Frontal variations

The retreat and advance of glacier fronts has probably been used as a measure of climatic variations as long as humans have lived close to glaciated environments. Climate is constantly changing, with annual fluctuations superimposed on long-term trends. Such climatic changes are reflected in variations in the glacier extent. One example is the growth and decay of the Cenozoic continental ice sheets. Another example is the glacier advances during the 'Little Ice Age' and the subsequent frontal retreat. On a large scale, advances and retreats may be broadly synchronous. On a more detailed scale, however, the

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Cenozoic Continental Glacier Eustatic

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Figure 4.34 The annual (upper panel) and cumulative (lower panel) net mass balance for Maliy Aktru between 1962 and 1997. (Data from WGMS)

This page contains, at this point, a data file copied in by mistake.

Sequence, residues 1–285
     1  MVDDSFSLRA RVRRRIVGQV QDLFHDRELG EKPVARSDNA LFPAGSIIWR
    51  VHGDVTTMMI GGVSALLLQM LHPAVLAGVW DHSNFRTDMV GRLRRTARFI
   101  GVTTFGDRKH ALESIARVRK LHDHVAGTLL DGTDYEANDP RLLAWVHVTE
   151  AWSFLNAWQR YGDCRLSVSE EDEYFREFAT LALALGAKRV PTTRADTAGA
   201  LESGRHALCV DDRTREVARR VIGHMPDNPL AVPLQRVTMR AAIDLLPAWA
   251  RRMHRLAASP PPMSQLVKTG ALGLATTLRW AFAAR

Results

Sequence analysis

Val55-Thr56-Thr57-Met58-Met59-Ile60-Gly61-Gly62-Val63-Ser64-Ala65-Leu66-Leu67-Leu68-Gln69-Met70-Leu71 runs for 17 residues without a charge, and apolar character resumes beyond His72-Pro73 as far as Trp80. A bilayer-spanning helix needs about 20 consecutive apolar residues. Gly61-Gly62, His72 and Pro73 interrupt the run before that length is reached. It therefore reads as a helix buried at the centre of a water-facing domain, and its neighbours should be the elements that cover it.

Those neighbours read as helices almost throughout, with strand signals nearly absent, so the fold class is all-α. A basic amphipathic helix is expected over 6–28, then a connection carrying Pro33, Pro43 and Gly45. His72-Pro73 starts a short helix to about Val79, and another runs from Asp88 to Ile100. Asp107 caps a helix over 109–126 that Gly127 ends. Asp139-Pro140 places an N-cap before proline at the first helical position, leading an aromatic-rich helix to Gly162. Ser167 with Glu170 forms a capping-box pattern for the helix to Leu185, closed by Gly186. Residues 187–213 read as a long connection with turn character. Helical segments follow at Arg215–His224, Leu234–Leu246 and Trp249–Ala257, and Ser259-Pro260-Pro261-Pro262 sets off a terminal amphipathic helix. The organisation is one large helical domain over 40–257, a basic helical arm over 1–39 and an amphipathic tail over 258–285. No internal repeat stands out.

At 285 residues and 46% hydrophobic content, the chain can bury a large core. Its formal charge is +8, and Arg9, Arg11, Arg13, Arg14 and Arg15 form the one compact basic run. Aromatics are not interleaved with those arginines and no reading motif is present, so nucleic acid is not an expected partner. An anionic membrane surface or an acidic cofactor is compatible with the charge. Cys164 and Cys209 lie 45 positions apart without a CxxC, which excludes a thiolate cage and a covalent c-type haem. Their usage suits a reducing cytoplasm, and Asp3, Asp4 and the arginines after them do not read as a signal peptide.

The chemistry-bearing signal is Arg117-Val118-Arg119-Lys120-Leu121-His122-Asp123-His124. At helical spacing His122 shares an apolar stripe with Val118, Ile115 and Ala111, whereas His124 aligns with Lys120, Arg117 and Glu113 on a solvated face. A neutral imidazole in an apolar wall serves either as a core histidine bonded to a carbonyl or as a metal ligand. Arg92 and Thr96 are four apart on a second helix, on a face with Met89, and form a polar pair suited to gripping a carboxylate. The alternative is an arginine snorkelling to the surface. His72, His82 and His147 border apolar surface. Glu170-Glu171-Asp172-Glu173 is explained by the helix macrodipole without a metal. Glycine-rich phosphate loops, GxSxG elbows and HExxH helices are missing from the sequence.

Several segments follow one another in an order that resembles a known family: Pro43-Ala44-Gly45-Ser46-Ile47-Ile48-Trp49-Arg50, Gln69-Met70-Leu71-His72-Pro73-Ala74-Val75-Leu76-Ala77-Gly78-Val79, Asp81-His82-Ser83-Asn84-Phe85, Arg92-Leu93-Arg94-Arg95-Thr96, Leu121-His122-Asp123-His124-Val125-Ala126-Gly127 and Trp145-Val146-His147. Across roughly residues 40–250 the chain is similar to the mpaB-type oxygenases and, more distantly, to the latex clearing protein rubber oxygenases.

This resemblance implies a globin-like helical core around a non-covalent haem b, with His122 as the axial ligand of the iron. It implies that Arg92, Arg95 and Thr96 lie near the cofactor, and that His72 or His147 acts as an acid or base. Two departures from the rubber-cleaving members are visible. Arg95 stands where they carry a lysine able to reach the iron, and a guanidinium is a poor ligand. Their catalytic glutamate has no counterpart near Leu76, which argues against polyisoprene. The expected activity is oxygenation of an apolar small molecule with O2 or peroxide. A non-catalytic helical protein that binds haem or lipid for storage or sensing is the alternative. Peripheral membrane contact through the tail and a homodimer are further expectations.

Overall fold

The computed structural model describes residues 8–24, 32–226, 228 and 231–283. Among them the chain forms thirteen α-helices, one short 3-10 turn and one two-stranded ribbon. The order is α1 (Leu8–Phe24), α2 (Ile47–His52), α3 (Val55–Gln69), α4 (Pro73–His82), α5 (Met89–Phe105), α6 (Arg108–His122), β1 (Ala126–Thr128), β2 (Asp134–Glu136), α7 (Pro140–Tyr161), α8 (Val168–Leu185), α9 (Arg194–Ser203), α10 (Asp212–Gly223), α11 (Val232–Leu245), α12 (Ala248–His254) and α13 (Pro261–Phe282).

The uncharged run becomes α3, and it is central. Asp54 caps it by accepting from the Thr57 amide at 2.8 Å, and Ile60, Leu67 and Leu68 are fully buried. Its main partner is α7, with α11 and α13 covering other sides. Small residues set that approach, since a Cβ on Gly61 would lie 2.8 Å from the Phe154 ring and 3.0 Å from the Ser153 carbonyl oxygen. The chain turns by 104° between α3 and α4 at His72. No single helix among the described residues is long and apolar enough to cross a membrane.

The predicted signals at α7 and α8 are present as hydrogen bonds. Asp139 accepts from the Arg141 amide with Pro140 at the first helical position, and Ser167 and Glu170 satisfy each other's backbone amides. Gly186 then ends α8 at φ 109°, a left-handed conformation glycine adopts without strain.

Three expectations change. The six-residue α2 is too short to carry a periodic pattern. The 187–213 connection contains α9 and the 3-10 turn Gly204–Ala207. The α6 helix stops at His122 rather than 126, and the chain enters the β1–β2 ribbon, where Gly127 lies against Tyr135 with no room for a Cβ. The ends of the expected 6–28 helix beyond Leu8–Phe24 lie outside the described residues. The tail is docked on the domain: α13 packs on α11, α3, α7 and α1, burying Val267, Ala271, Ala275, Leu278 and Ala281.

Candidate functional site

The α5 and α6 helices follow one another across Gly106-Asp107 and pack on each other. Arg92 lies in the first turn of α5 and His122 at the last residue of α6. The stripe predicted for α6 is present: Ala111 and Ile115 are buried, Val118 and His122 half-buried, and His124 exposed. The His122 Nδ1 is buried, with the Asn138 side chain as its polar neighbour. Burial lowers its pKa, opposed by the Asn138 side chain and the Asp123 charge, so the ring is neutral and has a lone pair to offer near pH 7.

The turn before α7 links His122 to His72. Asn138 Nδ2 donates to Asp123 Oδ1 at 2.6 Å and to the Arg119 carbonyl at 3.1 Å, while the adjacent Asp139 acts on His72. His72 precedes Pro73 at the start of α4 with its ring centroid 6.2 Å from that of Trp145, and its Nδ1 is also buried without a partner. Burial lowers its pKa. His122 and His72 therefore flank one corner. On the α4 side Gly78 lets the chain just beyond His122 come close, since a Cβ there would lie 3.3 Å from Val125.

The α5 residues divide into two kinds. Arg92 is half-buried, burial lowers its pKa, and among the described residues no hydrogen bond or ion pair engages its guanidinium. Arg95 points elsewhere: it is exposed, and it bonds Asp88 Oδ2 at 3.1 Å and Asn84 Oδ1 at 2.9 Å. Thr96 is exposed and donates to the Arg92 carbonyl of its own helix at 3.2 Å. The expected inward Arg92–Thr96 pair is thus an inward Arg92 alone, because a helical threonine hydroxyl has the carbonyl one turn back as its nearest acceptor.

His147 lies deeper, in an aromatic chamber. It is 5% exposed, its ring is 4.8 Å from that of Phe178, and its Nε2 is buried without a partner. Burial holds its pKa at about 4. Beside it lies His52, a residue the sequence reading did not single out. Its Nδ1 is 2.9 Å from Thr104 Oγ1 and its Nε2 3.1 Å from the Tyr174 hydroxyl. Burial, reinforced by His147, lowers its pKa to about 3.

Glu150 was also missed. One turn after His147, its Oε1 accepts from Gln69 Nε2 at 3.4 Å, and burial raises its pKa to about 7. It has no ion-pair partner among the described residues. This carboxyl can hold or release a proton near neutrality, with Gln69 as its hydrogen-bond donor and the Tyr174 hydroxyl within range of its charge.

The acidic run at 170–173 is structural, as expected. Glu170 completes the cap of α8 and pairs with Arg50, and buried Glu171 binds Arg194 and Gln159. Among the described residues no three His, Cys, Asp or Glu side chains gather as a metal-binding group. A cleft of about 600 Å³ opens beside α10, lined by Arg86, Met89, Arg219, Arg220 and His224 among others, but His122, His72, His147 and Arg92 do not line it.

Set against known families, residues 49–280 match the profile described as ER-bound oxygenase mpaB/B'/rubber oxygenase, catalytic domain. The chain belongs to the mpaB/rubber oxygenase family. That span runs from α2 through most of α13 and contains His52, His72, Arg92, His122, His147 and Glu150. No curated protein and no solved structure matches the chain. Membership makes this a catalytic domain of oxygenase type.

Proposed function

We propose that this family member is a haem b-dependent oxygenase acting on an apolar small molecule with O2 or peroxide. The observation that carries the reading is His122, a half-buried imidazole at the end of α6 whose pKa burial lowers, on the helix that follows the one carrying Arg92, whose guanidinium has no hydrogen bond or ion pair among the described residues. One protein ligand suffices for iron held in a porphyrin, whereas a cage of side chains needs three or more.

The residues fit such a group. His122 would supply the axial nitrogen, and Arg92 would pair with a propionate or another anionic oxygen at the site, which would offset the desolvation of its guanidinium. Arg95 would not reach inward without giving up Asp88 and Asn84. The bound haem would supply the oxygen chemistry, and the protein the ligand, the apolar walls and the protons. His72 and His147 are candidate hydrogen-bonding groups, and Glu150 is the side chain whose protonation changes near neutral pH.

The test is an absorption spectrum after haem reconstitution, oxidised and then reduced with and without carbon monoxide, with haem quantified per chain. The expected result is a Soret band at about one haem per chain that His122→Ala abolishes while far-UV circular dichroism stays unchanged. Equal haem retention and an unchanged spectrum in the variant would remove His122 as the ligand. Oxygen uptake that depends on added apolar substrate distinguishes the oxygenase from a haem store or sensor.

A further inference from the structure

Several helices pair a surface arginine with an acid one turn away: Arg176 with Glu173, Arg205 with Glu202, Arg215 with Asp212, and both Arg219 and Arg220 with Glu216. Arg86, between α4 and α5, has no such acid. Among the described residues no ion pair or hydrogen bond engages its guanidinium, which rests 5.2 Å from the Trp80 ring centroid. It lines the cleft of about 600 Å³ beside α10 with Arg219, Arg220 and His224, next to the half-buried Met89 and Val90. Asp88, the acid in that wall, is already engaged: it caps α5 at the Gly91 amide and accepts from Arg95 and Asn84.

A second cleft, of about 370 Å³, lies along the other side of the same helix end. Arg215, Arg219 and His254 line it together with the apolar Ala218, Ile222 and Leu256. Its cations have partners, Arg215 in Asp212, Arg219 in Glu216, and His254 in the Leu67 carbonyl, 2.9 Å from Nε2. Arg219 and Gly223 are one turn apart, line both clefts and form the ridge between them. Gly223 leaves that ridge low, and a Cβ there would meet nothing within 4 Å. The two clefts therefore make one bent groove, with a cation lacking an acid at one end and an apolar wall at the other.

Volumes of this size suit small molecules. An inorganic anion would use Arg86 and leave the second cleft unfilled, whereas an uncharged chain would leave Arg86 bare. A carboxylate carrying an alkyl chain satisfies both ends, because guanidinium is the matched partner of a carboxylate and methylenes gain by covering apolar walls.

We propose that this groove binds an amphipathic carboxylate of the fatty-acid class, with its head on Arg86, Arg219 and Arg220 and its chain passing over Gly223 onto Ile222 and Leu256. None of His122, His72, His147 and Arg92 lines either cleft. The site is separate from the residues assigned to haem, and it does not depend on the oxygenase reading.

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Figure 4.34 The annual (upper panel) and cumulative (lower panel) net mass balance for Maliy Aktru between 1962 and 1997. (Data from WGMS)

picture is more complex. In the same region, some glaciers may be advancing while others are retreating. Differences in local climates, aspect, size, steepness, and speed of individual glaciers may explain the different behaviour. In addition, the effect of a given climatic fluctuation on the glacier mass balance depends on the area-altitude distribution of the glacier. As a result, glaciers in the same area are likely to react differently, or at different rates, to the same mass balance variation (Paterson, 1994).

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